If you’re looking for a present, bound to make your beloved theatre person giggle all Christmas morning, then West End Producer’s shiny new book is the obvious 2017 choice. Everything you always wanted to know about going to the theatre (*but were too sloshed to ask, dear) (Nick Hern Books) is funny because it’s so irreverently acute along the lines of “Shows often have more directors than performers”. If an actor forgets his lines in a Pinter play s/he will “say fuck and do an extra long pause” but if it’s Stoppard s/he has only to “spout some gibberish about quantum physics, the Russian Revolution or Nietzsche that makes less sense than usual”. Anyone who works in the industry, is training to do so, or would like to will recognise and smile. Buy several copies.
Or – (far)fewer laughs but lots of useful ideas – try the second edition of Nick O’Brien’s Stanislavsky in Practice (Routledge). It contains dozens of exercises suitable for acting students at sixth form or first year undergraduate level.
For something more cerebral and historical Granville Barker on Theatre: Selected Essays edited by Colin Chambers and Richard Nelson ( Bloomsbury Methuen Drama) is a jolly good read. I especially enjoyed “Hints for Amateurs on Rehearsing a Play” and “The Coming of Ibsen”.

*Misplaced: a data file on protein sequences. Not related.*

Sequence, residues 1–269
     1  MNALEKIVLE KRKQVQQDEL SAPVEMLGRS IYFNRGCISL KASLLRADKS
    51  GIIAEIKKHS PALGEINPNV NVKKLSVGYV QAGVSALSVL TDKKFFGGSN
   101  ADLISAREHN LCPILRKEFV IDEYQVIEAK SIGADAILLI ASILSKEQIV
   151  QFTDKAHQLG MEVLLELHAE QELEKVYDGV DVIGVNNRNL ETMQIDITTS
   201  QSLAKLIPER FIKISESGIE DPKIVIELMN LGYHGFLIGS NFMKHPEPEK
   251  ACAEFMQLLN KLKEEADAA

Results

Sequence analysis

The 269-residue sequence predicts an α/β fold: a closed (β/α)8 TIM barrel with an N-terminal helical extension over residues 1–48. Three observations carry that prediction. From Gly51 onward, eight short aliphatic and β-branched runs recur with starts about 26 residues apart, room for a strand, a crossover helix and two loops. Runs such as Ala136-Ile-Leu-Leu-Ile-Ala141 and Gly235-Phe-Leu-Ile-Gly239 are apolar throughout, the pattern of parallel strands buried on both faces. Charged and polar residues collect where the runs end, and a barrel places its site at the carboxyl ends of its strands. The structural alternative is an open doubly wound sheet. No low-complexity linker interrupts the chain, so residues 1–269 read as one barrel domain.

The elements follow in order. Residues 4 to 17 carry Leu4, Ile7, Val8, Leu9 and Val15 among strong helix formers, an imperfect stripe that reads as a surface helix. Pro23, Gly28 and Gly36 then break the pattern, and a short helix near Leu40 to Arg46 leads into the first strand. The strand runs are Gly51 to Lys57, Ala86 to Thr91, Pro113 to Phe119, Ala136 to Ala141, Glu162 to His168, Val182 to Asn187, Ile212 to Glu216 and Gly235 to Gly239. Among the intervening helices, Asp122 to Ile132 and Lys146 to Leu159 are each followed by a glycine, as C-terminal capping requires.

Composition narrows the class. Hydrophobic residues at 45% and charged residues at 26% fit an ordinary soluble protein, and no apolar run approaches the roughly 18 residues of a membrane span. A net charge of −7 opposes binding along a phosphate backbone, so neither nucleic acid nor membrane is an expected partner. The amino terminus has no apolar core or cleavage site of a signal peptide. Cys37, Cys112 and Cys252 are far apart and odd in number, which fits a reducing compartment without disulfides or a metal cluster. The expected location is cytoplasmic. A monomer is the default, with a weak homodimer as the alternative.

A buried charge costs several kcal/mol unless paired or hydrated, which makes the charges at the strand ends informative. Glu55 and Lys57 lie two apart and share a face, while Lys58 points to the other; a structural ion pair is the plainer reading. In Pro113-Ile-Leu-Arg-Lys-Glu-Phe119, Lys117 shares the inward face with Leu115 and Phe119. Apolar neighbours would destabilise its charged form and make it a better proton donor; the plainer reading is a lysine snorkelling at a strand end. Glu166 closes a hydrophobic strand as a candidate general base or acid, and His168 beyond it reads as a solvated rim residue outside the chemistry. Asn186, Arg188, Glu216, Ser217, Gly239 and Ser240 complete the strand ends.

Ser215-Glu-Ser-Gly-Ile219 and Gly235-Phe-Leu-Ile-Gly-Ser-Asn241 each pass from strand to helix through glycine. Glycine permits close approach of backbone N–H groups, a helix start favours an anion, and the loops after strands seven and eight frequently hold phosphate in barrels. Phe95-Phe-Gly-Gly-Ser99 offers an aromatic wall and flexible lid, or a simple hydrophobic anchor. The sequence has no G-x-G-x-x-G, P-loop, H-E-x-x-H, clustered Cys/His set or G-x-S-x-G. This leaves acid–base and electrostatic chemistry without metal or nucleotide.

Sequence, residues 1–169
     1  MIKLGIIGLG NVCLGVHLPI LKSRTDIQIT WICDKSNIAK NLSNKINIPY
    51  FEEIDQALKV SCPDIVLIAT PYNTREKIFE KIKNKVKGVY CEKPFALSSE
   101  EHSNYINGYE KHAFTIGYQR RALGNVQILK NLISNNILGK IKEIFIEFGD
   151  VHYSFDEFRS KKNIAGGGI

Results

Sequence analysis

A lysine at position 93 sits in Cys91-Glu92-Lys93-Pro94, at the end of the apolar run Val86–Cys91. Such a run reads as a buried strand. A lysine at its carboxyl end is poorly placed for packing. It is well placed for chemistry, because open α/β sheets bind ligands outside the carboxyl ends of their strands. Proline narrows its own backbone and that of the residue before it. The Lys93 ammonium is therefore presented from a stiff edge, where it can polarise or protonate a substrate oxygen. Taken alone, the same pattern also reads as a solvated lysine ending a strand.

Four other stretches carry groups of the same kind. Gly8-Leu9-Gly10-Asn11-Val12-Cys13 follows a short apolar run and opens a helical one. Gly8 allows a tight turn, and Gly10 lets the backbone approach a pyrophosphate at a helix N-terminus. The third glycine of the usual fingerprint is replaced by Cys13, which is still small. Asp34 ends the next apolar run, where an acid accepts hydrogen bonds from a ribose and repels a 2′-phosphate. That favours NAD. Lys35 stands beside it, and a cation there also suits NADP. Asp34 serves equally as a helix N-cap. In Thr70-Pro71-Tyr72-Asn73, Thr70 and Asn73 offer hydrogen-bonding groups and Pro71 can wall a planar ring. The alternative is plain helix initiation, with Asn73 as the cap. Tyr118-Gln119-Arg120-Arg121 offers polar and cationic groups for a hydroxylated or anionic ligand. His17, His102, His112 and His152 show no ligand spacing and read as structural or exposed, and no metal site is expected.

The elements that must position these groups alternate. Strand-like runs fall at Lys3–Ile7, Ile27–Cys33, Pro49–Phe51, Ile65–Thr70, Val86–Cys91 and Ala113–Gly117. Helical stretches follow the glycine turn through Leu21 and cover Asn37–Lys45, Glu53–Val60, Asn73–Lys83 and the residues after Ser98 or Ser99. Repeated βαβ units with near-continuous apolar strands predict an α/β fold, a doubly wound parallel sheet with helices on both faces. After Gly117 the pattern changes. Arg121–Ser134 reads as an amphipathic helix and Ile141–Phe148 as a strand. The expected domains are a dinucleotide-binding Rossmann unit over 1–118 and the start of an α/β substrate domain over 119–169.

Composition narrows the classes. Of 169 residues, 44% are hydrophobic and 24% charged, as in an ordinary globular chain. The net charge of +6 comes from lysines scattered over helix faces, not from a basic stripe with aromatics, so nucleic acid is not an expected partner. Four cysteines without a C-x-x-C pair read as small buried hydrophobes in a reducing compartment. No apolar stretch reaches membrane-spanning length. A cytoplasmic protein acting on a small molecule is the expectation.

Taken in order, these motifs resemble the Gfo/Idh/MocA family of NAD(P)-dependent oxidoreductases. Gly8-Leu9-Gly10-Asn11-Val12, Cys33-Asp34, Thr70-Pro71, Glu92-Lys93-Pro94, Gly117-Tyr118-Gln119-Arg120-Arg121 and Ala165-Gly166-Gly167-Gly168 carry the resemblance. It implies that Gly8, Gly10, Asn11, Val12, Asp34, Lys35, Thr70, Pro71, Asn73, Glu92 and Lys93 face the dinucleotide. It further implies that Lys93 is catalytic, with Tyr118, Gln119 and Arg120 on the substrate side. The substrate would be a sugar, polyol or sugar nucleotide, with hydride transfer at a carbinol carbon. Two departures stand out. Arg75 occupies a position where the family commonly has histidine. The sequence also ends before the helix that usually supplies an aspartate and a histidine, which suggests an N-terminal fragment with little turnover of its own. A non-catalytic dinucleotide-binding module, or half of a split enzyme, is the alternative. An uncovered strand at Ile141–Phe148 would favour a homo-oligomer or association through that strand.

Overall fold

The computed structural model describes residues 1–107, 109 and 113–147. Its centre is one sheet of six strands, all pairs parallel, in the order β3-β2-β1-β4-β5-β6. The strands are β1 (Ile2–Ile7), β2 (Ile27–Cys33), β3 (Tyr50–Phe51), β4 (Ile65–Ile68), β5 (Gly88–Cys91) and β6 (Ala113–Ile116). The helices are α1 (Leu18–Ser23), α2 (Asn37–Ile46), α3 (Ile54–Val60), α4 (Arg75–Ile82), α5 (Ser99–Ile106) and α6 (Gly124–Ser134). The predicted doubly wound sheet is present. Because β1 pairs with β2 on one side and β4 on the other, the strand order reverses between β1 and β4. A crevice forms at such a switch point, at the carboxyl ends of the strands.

Directing with the Michael Chekhov Technique by Mark Monday (Bloomsbury Methuen Drama) is another practical textbook which would make an ideal gift for an aspirant director or one who is trying to broaden his or her approach.
Peter Brook, of course, writes as interestingly as he directs and his latest little book (it would fit in a jacket pocket so ideal for train journeys and so on) is a fascinating and illuminating set of reflections on language and meaning. Tip of the Tongue is published by Nick Hern Books.
Trying to earn your living by writing is not easy. Ron Hutchison’s Clinging to the Iceberg: Writing for a living on the stage and in Hollywood (Oberon Books) is ruefully funny. “A film maker is someone with a baseball cap on backwards who stands in a muddy field at five in the morning demanding to know where the generators are”. It’s a cheerful, readable mix of anecdote, information and advice.
And lastly, three more gems from Bloomsbury Methuen Drama. Stephen Purcell’s Shakespeare in the Theatre: Mark Rylance at the Globe explores the first decade of productions after the opening of The Globe entertainingly and thoughtfully. A Critical Companion to the American Stage Musical by Elizabeth L Wollman is a factual gold mine for anyone who needs to know about the history of the genre. The Improv Handbook by Tom Salinsky and Deborah Frances-White is a new edition of their 2008 book. It is detailed and practical with lots of support for comedians, actors, public speakers and anyone else who needs to think or his or her feet in public.
Happy Christmas shopping!
PS: A final pearl of theatrical wisdom from the deadpan West End Producer. This time on heavy drinkers: “ You can spot these people in the local Wetherspoons before, during and after a show. They find a stiff drink is the only thing that gets them through such a harrowing thing as being at a theatre. Which is really quite worrying – particularly as most of them are in the cast”